Sessions Ends Administrative Closure at the Expense of Due Process in Immigration Court

Altering decades of practice in immigration court and placing immense pressure on an overburdened immigration court system, Attorney General Jeff Sessions issued a decision in an immigration case on Thursday declaring immigration judges do not have general authority to administratively close cases. The decision applies nationwide—though we can expect it will be challenged in the federal courts in individual cases.

Administrative closure has long been an uncontroversial management tool used by immigration judges to manage their caseload. It allows a judge to temporarily take a case off the court docket, usually to allow for completion of related proceedings that will impact the outcome of the individual’s removal proceeding. Sessions’ decision largely eliminates this vital tool. Judges now will be forced to keep long-pending cases on their active dockets, contributing to the already massive backlog of immigration cases.

In his lengthy decision, Sessions concluded that judges lack legal authority to grant administrative closure. But he pays short shrift to the legal authority that does not support his view. As amicus (friend of the court) briefs submitted in the case pointed out, the Board of Immigration Appeals repeatedly has declared that administrative closure stems from immigration judges’ inherent authority to conduct proceedings and take actions necessary to decide a case. No federal court has questioned immigration judges’ authority to grant administrative closure.

Not only is Sessions misinterpreting the law, he is creating terrible policy. The National Association of Immigration Judges urged Sessions not to end administrative closure, arguing that its termination could “overwhelm the system” and “waste precious hearing time.” A 2017 report commissioned by the immigration court system concluded morecases should be administratively closed in order to reduce the courts’ backlogs.

Others argue that ending administrative closure will harm vulnerable populations, including children and individuals of limited competency. Many of these individuals need to pause their proceedings to allow other federal and state entities to make determinations that would prevent their deportations.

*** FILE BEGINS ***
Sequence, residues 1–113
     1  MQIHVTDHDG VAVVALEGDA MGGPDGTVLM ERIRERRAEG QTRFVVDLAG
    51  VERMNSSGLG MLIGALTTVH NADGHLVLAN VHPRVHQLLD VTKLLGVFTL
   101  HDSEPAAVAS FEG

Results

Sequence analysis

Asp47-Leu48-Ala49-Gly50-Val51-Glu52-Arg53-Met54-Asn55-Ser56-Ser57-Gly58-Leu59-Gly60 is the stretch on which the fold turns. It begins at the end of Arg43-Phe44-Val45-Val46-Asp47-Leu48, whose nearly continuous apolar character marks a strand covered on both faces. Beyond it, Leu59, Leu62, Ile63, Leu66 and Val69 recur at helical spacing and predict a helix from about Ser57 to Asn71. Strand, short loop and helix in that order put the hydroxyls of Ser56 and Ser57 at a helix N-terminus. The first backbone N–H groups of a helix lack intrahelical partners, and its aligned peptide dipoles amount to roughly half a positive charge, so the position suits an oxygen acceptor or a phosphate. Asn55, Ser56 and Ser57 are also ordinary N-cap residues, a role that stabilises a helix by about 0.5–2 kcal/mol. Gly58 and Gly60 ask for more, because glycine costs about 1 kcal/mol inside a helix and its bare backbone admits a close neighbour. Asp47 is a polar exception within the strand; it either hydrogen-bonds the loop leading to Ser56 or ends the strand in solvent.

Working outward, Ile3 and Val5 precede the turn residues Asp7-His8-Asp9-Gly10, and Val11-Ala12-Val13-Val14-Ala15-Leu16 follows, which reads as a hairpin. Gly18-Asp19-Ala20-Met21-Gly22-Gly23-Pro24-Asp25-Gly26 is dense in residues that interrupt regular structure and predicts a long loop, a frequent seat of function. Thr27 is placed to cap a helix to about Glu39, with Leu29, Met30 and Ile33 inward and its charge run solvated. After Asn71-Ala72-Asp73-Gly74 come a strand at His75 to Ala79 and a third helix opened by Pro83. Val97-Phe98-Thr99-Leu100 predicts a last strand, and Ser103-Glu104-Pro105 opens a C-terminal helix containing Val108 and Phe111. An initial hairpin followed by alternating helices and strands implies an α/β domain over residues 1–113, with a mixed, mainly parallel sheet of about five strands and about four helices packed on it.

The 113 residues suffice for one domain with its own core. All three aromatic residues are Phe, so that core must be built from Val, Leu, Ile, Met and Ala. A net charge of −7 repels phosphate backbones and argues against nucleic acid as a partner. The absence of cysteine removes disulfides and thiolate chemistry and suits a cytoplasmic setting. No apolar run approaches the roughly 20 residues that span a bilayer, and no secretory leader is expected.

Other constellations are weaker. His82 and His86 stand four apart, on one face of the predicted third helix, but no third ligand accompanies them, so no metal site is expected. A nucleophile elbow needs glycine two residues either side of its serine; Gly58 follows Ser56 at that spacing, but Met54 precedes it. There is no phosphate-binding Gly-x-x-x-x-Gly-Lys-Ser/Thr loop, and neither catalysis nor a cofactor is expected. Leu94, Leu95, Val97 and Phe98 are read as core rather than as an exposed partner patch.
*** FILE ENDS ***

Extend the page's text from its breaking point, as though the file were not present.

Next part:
Furthermore, Sessions’ move to insert himself in this case is particularly alarming given his anti-immigrant bias. As immigrant rights groups explained in the case, Sessions’ long history of anti-immigrant rhetoric prevents him from being an impartial adjudicator. The groups called for his recusal from this decision-making process.

In the decision, Sessions determined that administrative closure “encumbered the fair and efficient administration of immigration cases.” Yet, his decision will result in the very widespread unfairness and inefficiency he claims to oppose, restricting the authority of immigration judges to control their dockets and punishing immigrants who need additional time to obtain the results of other federal and state agency proceedings to qualify for immigration relief. And we should be wary of the ways he downplays the impact of this decision. He notes, for example, that judges who need to extend cases may grant “continuances” instead of administratively closing cases while simultaneously neglecting to mention that he is weighing in on another immigration case that may greatly reduce the availability of continuances.

Though Sessions ended administrative closure for future cases, regulations still permit the practice in a limited number of cases. As for the 350,000 cases currently administratively closed, those cases will gradually make their way back onto court dockets in the coming weeks and months through motions by the government.